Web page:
I think I'm going to keep this link-up ongoing since there aren't going to be a huge number of posts and then anyone new will be able to be encouraged by the other book reading ideas and discussions.  If the number of posts gets too large, I will fix it.

Please note, all posts must be on topic (about a book you are reading) and appropriate (think family friendly).

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  1. I studied Latin for 6 years and loved every minute of it. When we started homeschooling, my daughter was sick of learning Spanish. Latin seemed like the perfect choice for us, and she has loved using Prima Latina this year. We plan to complete it at the beginning of next year and will move on to Latina Christiana. I am still in touch with my Latin teacher, and it is a curriculum she recommended as well. Greek and Hebrew are a lot more difficult because of the alphabets, and I have not been ready to devote the kind of time on my part to learn them.

    My daughter is also taking a Russian class once a week because her ballet teachers speak Russian and offer a language course for the homeschool kids. She has really loved being introduced to it, and we will probably try to get her into some actual curriculum in the next year.

    1. That is the Latin curriculum from Memoria Press, right? I've never used anything from them before, but I've heard good things!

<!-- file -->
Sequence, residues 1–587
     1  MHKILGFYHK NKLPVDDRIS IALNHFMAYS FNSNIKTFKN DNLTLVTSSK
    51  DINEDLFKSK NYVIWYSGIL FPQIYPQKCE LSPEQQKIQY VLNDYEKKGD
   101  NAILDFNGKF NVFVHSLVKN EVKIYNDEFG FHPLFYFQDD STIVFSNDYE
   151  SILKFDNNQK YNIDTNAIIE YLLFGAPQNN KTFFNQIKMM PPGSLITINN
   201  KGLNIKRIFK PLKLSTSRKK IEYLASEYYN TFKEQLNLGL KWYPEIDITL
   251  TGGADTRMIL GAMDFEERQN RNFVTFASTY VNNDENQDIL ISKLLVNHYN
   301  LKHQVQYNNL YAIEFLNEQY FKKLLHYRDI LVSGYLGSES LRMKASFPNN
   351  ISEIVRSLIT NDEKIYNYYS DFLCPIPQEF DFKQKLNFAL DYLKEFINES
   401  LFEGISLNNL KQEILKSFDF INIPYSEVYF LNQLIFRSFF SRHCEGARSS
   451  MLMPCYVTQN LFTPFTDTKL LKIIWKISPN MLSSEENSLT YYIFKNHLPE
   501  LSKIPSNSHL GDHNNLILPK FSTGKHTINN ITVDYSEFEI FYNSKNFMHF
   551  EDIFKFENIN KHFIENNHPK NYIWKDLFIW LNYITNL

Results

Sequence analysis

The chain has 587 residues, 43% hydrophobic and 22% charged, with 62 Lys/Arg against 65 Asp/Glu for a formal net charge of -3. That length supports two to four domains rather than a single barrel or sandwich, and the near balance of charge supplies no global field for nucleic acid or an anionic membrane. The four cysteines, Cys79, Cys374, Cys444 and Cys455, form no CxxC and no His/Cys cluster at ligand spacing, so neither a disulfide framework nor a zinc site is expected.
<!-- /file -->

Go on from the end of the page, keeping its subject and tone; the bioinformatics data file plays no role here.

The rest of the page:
That's really neat the your daughter's ballet teachers offer a class for homeschoolers! Is she taking extra interest in the Olympics this year?

  2. Ugh! Shame on them! Now I want to learn Latin and Greek! Lol!

    Honestly, I wasn't looking forward to this chapter and almost skipped over it. I'm not a classical method homeschooler. It seems so structured and disciplined, we're kind of the opposite of that. When we pulled my son out of public school he was so high strung and panicky over textbooks and timers that we ditched all of them (all most) and just focused on math and did unit studies. He still freaks out if he thinks he's being timed. And every time I try to get him to memorize something (Bible verses) he goes blank....completely blank. Even with multiplication we had to break it down for him because he would get so angry when we used flashcards. I would love for him to learn Latin. I'd also love for us to be more structured, but I'm just not sure he is able to handle it.

    1. Gina, how old is your son? Classical education is definitely not about textbooks. I bet your son would do great with the classical model using living books! The memorization part might be a problem, but maybe if you just eased him into it (without him even knowing?) he would warm up to it.